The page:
In many ways, the American Republic was a resurrection of the Roman Republic. The founders embraced this idea. That’s why they named the upper chamber of Congress after the Roman Senate. That’s why so many of our government buildings and landmarks are so obviously designed using Roman architectural inspiration. It’s why we put Latin on our coinage and use Latin terms and mottos throughout government, the arts, and in education.
Consider, for a moment, that the Roman Republic ended before the birth of Christ. Yet, a group of people on a different continent and with no ethnic or national connection to the ancient Romans chose to build their new nation with ideas and trappings of a representative government that existed nearly two centuries before it.
This amazing and astounding reality often makes me think of Cato the Younger. He was a Roman politician and leader who chose to die by his own hand along with the Roman Republic, rather than submit to Caesar and live in a world where his nation had become an empire.
Cato’s final act is considered by historians to be a last act of defiance against Caesar and his usurped authority. By taking his own life, Cato assured that Caesar couldn’t pardon him for his resistance. He declared with his death that he saw no legitimacy in the reign of an emperor.
Despite Cato’s defeat in his efforts to maintain the Roman Republic, his final defiance was remembered by Romans to the end of the Roman Empire. Cato’s memory was strong enough for him to make it into Dante’s The Divine Comedy. He was a figure of reverence during the enlightenment. One of George Washington’s favorite plays was Joseph Addison’s Cato, a Tragedy.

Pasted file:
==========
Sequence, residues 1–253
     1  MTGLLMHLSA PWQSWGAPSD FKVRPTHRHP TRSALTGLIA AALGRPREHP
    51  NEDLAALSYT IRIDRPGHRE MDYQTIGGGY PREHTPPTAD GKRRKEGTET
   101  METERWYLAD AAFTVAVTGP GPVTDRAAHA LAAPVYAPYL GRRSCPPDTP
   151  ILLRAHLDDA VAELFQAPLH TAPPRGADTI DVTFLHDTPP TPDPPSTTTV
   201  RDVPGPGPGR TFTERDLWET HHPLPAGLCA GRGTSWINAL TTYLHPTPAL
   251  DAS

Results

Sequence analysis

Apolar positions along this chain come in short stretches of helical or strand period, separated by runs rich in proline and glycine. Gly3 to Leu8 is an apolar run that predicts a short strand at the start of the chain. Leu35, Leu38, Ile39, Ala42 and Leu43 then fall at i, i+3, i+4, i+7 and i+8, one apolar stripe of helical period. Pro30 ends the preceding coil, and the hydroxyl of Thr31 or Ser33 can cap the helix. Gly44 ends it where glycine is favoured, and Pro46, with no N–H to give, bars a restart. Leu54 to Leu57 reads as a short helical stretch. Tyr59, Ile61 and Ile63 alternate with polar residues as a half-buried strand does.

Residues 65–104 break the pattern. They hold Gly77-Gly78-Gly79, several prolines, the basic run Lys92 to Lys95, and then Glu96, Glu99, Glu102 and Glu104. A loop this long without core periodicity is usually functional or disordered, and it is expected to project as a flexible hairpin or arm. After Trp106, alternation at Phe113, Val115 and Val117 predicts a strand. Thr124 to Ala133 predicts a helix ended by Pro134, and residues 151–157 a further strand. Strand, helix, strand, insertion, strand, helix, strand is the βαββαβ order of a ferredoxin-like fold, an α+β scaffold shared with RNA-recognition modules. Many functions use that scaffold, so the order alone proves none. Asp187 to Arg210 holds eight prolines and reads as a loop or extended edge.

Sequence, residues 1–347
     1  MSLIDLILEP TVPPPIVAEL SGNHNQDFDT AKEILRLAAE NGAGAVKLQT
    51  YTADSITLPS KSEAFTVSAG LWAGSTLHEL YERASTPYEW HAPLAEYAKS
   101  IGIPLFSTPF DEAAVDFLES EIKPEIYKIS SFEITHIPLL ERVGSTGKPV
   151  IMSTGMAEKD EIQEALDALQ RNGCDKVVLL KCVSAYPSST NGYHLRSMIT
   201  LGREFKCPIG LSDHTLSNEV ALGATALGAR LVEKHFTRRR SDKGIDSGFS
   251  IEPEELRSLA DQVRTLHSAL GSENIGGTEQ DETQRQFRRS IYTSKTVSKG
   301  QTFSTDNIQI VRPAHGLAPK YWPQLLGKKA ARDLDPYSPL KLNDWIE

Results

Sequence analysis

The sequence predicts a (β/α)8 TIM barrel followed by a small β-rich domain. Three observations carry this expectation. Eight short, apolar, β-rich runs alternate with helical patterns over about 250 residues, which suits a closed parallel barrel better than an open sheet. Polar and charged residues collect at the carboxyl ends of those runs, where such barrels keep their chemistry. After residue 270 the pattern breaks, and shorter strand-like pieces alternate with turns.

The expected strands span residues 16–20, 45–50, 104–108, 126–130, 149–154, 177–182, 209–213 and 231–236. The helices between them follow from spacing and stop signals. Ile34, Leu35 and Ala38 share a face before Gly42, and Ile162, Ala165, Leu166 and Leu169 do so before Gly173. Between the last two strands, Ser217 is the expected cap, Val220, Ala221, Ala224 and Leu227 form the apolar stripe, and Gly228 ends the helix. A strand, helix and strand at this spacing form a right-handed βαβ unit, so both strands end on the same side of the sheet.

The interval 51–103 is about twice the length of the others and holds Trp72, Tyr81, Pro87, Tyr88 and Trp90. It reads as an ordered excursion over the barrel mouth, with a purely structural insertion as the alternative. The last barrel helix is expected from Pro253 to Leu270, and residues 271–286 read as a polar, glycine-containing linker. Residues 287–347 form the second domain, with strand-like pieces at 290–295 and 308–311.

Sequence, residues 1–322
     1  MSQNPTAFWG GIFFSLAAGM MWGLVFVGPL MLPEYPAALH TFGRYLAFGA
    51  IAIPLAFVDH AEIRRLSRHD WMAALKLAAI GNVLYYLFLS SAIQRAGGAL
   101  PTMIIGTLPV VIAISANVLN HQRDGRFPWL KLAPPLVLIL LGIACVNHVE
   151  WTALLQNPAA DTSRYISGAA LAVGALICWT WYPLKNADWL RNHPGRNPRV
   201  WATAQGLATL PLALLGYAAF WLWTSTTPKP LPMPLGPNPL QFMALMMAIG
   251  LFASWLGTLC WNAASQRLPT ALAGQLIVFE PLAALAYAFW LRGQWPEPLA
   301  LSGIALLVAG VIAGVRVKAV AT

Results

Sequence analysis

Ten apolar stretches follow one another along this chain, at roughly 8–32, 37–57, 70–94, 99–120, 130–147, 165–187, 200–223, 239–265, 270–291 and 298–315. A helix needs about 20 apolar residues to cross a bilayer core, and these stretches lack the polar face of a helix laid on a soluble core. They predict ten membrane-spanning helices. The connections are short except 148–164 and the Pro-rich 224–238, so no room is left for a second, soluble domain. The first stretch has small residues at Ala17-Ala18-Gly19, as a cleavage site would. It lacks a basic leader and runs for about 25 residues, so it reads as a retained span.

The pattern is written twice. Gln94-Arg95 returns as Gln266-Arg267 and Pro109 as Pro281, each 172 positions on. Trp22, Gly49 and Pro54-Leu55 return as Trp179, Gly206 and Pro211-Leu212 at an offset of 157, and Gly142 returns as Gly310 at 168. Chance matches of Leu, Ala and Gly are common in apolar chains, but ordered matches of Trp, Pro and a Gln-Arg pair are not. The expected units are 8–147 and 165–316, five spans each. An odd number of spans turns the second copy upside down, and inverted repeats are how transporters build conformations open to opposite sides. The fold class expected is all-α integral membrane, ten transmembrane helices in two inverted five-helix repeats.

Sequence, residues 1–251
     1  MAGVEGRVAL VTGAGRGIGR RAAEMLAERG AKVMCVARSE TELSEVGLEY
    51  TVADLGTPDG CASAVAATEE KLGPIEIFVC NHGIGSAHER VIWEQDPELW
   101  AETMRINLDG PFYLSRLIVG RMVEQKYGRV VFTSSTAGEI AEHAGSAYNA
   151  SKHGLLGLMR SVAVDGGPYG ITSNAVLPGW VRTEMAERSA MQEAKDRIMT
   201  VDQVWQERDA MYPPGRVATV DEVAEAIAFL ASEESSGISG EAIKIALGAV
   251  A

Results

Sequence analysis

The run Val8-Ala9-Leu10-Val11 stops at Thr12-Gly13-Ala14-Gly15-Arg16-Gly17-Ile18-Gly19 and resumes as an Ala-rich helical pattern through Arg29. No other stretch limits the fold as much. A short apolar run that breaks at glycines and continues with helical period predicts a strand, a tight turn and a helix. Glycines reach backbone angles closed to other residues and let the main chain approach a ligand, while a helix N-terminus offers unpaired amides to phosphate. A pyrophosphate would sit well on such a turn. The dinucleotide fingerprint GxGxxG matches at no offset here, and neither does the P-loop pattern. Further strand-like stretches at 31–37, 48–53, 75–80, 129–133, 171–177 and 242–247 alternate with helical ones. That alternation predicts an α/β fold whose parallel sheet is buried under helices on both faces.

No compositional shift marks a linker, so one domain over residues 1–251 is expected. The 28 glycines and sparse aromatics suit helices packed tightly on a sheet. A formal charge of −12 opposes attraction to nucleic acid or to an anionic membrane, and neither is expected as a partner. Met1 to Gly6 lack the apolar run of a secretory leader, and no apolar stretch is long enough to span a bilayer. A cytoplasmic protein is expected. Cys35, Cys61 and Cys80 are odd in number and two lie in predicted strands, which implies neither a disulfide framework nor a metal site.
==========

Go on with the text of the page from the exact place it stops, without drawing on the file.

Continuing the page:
Here’s my point: the truths and republican notions of Cato the Younger survived beyond the Roman Republic and beyond the fall of Rome many years later because they were universal truths. They were not merely pure Roman precepts useful only within the context of Roman Nationalism.
I don’t know whether Cato foresaw the final fall of the Roman Republic. Still, I tend to believe his first love was his principles, and it was to his principles he wished to leave a legacy. That his principles live on in America, with no connection to Rome beyond a philosophical one, would not be considered a failure to him but a final triumph.
No matter where the political winds take us and our country, our first loyalty must be to our principles. Whether our great nation lives on for hundreds of more years or ends tomorrow, it will be the untarnished principles of those who know what they stand for and refuse to submit to the pressures of the mob, the academy, or the veritable powers-that-be who will leave a lasting legacy.
This article is adapted from a segment of From the Hawk’s Nest, a recurring newsletter written by Justin Stapley.